Maher Arar cannot sue the United States after being mistaken for a terrorist when he was changing planes in New York a year after the 2001 terrorist attacks, a federal appeals court ruled Monday. The judges of the 2nd US Circuit Court of Appeals voted 7-4 to uphold a decision by a lower court judge dismissing a lawsuit brought by Maher Arar, a Syrian-born man who was detained as he tried to switch planes in 2002.
Arar sued the US government and top Justice Department officials, saying the United States purposely sent him to Syria to be tortured days after he was picked up at John F. Kennedy International Airport on a false tip from Canada that he had ties to Islamic extremists. The lawsuit said Arar was allowed to see a lawyer only once despite his repeated efforts to receive representation. Syria has denied he was tortured. The Canadian government agreed to pay him almost $10 million after acknowledging it had passed bad information to U.S. authorities.
This week marks five years since the murder of Dutch filmmaker Theo van Gogh. Van Gogh was killed on an Amsterdam streetcorner in 2004 by Mohammad B., a Muslim of Dutch Moroccan origin, in retaliation for his film Submission.
The city organized a tour for journalists of the Slotervaart neighborhood in which Mohammad B. grew up. During the tour, the borough chairman, Moroccan-Dutch youth workers, mosque representatives, and integration experts presented material “aimed at connecting different ethnic groups in the city” to prevent over-simplified stories from making international headlines, NRC Handelsblad reports.
Media outlets marked the occasion with a series of commentaries and interviews. Radio Netherlands Worldwide noted the anniversary with an evaluation of the “debate on the influence of Islam on Dutch society” which the incident generated, noting that “it is a debate between indigenous Dutch in which Muslims hardly participate. The fierce criticism of Islam does not tempt them to respond.”
RNW also published a commentary likening van Gogh to populist right wing politician Geert Wilders. Het Parool published an interview with Ayaan Hirsi Ali, with whom van Gogh made Submission. Ali commented that, “after the murder it became clear that there was a very nasty confrontation between Islam and the ethnic [white] population.”
IslamOnline.net covered Holland’s attempts to “grapple with immigration” on the occasion, highlighting developments since van Gogh’s murder including Amsterdam’s “emergency plan” to fight extremism through immigrant subsidies and dialogue building with mosques, the “hardening” of debate through right wing political figures such as Wilders, and the election of Rotterdam’s Muslim mayor Ahmed Aboutaleb.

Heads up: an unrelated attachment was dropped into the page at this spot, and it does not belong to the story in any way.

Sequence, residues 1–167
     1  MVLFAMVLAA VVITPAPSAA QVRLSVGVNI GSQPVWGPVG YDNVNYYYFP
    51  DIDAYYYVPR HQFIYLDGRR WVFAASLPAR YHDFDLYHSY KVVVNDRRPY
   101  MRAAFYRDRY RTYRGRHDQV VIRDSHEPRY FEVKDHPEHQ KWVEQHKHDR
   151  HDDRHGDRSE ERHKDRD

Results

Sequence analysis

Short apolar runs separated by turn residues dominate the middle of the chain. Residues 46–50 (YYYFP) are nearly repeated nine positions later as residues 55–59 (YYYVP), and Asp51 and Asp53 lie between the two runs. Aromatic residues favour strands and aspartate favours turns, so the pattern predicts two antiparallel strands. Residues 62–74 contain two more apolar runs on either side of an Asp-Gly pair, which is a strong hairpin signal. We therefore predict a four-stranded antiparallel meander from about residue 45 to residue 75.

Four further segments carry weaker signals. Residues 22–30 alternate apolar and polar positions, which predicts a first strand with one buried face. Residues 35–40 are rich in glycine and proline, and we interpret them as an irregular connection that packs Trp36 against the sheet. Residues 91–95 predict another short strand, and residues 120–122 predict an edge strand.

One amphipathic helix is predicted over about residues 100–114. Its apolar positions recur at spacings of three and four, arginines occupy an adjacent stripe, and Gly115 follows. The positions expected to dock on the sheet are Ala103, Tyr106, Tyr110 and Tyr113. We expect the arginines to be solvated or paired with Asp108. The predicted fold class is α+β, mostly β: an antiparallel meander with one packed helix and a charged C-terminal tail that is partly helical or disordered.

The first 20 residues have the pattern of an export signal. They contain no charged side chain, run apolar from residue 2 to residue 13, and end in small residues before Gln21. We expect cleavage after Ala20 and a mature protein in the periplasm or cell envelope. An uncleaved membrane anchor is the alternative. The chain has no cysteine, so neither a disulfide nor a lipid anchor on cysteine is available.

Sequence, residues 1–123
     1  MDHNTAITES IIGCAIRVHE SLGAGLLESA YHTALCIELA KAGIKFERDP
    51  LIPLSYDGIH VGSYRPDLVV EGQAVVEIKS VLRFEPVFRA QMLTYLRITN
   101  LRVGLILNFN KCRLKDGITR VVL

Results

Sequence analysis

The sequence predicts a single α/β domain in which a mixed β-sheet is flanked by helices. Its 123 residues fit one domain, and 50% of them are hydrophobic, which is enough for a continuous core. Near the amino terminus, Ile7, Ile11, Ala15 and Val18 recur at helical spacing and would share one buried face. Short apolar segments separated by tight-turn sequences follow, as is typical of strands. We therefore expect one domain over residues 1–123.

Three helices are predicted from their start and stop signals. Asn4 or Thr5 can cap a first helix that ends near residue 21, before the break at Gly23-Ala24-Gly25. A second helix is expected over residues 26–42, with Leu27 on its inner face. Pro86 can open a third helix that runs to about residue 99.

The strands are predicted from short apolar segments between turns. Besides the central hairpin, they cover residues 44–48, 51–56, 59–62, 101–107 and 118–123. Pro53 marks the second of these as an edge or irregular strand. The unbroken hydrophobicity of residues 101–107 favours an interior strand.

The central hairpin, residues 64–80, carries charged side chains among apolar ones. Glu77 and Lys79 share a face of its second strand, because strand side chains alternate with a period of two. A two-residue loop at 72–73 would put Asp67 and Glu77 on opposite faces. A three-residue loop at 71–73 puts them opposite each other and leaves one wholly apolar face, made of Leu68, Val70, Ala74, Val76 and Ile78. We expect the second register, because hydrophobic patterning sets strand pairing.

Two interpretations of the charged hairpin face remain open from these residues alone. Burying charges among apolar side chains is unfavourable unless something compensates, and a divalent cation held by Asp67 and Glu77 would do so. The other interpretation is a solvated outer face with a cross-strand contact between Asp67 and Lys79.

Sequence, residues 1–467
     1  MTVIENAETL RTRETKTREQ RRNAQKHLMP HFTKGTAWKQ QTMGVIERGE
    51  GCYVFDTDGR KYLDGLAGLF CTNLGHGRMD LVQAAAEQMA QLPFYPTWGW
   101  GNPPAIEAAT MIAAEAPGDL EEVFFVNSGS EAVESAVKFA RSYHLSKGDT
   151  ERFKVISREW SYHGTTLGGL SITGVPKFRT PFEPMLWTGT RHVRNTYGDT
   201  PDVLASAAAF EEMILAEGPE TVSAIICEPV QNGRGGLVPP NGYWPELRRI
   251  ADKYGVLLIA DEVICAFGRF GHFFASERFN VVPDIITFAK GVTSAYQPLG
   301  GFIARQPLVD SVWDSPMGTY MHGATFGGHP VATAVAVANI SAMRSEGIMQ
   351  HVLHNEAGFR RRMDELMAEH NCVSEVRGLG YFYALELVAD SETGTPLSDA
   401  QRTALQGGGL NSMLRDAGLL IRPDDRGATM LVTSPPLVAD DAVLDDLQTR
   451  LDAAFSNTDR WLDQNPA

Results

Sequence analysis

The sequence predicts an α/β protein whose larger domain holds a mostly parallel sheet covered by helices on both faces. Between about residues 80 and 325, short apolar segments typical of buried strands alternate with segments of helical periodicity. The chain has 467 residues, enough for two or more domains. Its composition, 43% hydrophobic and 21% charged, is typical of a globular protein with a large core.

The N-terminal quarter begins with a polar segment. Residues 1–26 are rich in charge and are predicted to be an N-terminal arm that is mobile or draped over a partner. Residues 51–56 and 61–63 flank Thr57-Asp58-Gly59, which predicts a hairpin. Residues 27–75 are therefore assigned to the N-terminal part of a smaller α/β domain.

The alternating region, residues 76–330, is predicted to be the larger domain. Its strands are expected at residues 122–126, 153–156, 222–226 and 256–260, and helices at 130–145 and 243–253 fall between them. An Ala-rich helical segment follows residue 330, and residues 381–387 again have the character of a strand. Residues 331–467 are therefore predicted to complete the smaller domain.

A 60 year old from Nieuwegein (Utrecht) was sentenced for insulting Muslims Friday. The court in Utrecht gave him forty hours of community service and two weeks suspended sentence, Trouw reports. The man was also charged for threatening a member of the Amersfoort city council.
In February 2009 the man turned his back on the Muslim woman who attempted to serve him at a pharmacy. He said he thought it was revolting to look at ‘them’, referring to Muslims, public prosecutors claimed. The court decided that ‘offending a group based on religion’ had been demonstrated in this case.
In what may be the first recorded instance of a Muslim wife attempting to murder her husband for not being pious enough, a Staten Island woman was charged this week with attempted murder, assault and criminal possession of a weapon. Rabia Sarwar, a 37-year-old Muslim, said she did it because her husband, a 41-year-old Pakistani native, enjoyed booze and pork and wanted her to dress in revealing clothes. (She held fabric over her face and threw a shawl over her head before leaving court on Thursday.) “He made me do so many things that are against Islam,” she said in a police statement. “I did all that just to make him happy, but inside of me there was a war.”
“This is not a reverse honor-killing — it’s martyrdom,” says Islamic apostate and activist Ayaan Hirsi Ali, herself the target of death threats.
“The kind of American Muslim you’re seeing now is changing — not because America is changing, but because the world is. Someone from Pakistan is coming here not for freedom, but to escape a horrible situation. [Once here], they are being radicalized,” she says.
“The vast majority of honor killings do appear to be cases where there is some attempt to violate or leave [Muslim] cultural norms,” says David Bryan Cook, associate professor of religious studies at Rice University. “They’ve been going on in the US and Britain for a number of years, but in the recent past they’ve gotten a lot more publicity.”
Some believe that the sheer vastness of the US has kept such incidents largely off the radar. “We’ve not been seeing it yet because our country’s so big,” says Amil Imani, who was born in Iran but raised in the US, and is the founder of Former Muslims United.